On 11 February Florence writes ‘B still very poorly. Took his breakfast in bed – first time since we have been married’. Florence repeats this tender tone to Bramwell whom she had married on 12 October 1882, referring to him as ‘my precious love’ and ‘my darling one’, declaring in November that
Another developing relationship that features frequently in the diary is that with Rebecca Jarrett. Florence introduces us to Rebecca in January when, after a period of illness Jarrett undergoes a crisis of faith, teetering on the precipice of her former life as a brothel mistress. Florence’s restoration of Rebecca’s faith with an intense evening of prayer and reflection proves a pivotal move as Jarrett goes on to play an integral role in one of the most infamous events in Salvation Army history just four months later. In June 1885 Jarrett agrees to participate in the staged purchase of a child, Eliza Armstrong, for W T Stead’s press exposé on London’s child sex trafficking scene.
Stead’s ‘Maiden Tribute of Modern Babylon’ articles that recounted these events led to his arrest along with Rebecca Jarrett and Bramwell Booth who had been complicit in the staging. Through Florence’s diary we receive a blow-by-blow account of the proceedings from ‘Eliza Armstrong seen by Rebecca at Mrs Broughtons’ (2 June), to ‘Eliza Armstrong bought’ (3 June), ‘Detectives coming to see B’ (30 August), ‘R before the magistrate…summons against Bramwell’ (2 Sep), and ‘the Last day of the Old Bailey’ on 10 November. Florence describes the court proceedings from the perspective of one whose life would be changed immeasurably should her husband be convicted. Whilst many Salvation Army officers were no stranger to imprisonment due to persecution in the early days of its establishment (see our blog post on the Skeleton Army), Bramwell was destined to become The Salvation Army’s second worldwide leader and as well as supporting a wife and two young children, was already a prominent figure within The Salvation Army’s London Headquarters. To Florence’s relief, Bramwell was acquitted but Rebecca went on to serve a six-month sentence throughout which she was visited by Florence, cementing their lifelong friendship.
The Salvation Army’s social work programmes and the Maiden Tribute trial hold longstanding attention and interest from both academics and the public. Indeed, in March this year we look forward to sending W T Stead’s prison uniform to The British Library where it will feature in their Breaking The News exhibition. In light of this interest, it seemed an opportune moment put my palaeography skills fully to the test and transcribe the diary to make it more widely accessible. We’re thrilled that the transcript has already proved a beneficial resource for several researchers, and we are now hoping to transcribe Florence’s other diaries in our collection (two further complete diaries from 1886 and 1887 as well as loose extracts from later years). In order to achieve this, we’ve launched an exciting volunteer project so that others can help us to continue this journey with Florence from 1885 through to 1912.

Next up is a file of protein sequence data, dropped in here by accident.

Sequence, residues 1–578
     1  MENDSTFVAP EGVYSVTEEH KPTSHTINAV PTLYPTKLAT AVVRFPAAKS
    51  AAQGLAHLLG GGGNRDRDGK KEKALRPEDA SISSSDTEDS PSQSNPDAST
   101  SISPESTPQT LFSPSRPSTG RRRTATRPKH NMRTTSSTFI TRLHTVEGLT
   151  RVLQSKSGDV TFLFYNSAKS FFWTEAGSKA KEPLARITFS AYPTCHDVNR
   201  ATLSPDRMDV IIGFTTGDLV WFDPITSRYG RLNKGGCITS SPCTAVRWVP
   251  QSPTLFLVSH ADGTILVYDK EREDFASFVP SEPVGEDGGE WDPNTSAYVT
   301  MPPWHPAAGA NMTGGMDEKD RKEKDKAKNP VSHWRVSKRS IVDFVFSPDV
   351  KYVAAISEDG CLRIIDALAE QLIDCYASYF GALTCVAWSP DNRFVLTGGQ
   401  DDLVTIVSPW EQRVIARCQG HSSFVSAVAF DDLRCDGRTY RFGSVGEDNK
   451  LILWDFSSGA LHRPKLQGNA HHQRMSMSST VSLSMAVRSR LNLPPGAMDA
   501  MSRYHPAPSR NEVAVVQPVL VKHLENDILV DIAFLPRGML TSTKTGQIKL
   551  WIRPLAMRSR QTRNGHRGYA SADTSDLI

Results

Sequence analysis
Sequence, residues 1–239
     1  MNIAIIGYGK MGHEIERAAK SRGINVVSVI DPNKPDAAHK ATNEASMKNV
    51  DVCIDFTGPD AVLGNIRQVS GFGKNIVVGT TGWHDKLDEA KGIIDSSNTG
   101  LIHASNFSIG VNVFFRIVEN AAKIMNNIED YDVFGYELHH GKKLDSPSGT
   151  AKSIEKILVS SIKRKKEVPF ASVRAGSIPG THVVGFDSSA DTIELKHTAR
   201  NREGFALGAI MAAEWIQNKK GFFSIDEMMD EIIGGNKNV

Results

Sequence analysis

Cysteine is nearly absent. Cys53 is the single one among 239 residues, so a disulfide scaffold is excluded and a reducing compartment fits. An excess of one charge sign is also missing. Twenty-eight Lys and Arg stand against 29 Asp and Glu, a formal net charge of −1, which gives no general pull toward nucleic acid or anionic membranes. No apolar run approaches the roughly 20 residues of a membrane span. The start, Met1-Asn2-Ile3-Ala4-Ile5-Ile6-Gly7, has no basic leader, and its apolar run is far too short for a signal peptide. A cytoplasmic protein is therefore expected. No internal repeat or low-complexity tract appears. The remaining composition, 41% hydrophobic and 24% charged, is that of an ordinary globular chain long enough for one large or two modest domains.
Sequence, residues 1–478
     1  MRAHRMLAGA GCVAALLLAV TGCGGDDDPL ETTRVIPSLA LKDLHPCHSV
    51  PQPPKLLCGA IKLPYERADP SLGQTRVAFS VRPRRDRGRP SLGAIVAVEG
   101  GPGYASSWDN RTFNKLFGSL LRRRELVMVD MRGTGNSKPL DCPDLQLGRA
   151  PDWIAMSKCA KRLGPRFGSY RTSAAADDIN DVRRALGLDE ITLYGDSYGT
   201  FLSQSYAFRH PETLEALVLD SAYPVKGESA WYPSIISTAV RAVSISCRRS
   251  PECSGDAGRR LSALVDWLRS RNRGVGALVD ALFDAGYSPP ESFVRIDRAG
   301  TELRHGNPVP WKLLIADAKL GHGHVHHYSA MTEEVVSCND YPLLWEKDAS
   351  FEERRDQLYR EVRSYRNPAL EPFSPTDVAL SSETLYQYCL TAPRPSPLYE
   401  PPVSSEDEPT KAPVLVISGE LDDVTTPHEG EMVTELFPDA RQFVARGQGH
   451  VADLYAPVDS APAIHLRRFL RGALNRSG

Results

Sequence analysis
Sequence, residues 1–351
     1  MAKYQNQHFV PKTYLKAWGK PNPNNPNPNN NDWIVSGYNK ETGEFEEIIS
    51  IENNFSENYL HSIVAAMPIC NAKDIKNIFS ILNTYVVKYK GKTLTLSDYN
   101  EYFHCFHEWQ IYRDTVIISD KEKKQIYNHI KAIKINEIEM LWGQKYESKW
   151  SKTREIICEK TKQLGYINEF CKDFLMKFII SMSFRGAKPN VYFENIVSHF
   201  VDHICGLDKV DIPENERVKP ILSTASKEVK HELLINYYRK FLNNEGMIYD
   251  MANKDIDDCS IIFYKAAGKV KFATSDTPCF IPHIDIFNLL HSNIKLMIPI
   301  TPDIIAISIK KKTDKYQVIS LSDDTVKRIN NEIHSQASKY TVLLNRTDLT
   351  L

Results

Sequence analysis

Florence’s 1885 diary has taken us through a tumultuous year in which she was in her second year leading The Salvation Army’s Women’s Social Work department; settling into marriage and motherhood with her first child as well as being pregnant and delivering her second; and weathering the storm of her husband’s arrest and trial for his involvement in the Maiden Tribute of Modern Babylon exposé... I can’t help wondering what discoveries lie in store for us in the remaining diaries!
For more information about our permanent exhibition head to our Virtual Heritage Centre and for more information about Rebecca Jarrett and her involvement with the Maiden Tribute of Modern Babylon case see my blog post ‘Unmade in Modern Babylon’ for the East End Women’s Museum.
Read other blogs from the Heritage Centre
Winette Field, Librarian of William Booth College, returns for another guest blog relaying the findings of a collaborative research project into the life of The Salvation Army's 'oldest soldier', Honor Salthouse.
Read about what The Salvation Army Heritage Centre team has been up to behind the scenes throughout the COVID-19 pandemic.
Find out more about the Out-of-Love Fund, money that 'out of small earnings was gladly and spontaneously given’...
Read all about The Social Wing Bakery, one of The Salvation Army's late nineteenth century social schemes!